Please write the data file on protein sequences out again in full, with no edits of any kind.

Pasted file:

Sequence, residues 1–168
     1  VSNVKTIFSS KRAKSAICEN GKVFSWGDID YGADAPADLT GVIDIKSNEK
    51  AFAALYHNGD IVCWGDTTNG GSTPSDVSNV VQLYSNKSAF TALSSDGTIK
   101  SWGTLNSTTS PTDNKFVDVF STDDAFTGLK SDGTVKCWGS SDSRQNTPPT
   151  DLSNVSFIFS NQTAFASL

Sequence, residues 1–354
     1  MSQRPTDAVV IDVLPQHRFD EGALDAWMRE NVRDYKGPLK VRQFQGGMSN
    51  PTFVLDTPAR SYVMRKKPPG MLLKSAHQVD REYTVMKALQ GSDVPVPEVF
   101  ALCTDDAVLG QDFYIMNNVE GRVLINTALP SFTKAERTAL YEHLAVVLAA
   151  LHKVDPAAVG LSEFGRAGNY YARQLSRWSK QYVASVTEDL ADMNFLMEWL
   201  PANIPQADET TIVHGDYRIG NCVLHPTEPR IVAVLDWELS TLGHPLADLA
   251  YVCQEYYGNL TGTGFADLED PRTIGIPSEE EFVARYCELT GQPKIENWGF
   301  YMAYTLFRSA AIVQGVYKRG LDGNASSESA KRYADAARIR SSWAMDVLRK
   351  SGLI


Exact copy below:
Sequence, residues 1–168
     1  VSNVKTIFSS KRAKSAICEN GKVFSWGDID YGADAPADLT GVIDIKSNEK
    51  AFAALYHNGD IVCWGDTTNG GSTPSDVSNV VQLYSNKSAF TALSSDGTIK
   101  SWGTLNSTTS PTDNKFVDVF STDDAFTGLK SDGTVKCWGS SDSRQNTPPT
   151  DLSNVSFIFS NQTAFASL

Sequence, residues 1–354
     1  MSQRPTDAVV IDVLPQHRFD EGALDAWMRE NVRDYKGPLK VRQFQGGMSN
    51  PTFVLDTPAR SYVMRKKPPG MLLKSAHQVD REYTVMKALQ GSDVPVPEVF
   101  ALCTDDAVLG QDFYIMNNVE GRVLINTALP SFTKAERTAL YEHLAVVLAA
   151  LHKVDPAAVG LSEFGRAGNY YARQLSRWSK QYVASVTEDL ADMNFLMEWL
   201  PANIPQADET TIVHGDYRIG NCVLHPTEPR IVAVLDWELS TLGHPLADLA
   251  YVCQEYYGNL TGTGFADLED PRTIGIPSEE EFVARYCELT GQPKIENWGF
   301  YMAYTLFRSA AIVQGVYKRG LDGNASSESA KRYADAARIR SSWAMDVLRK
   351  SGLI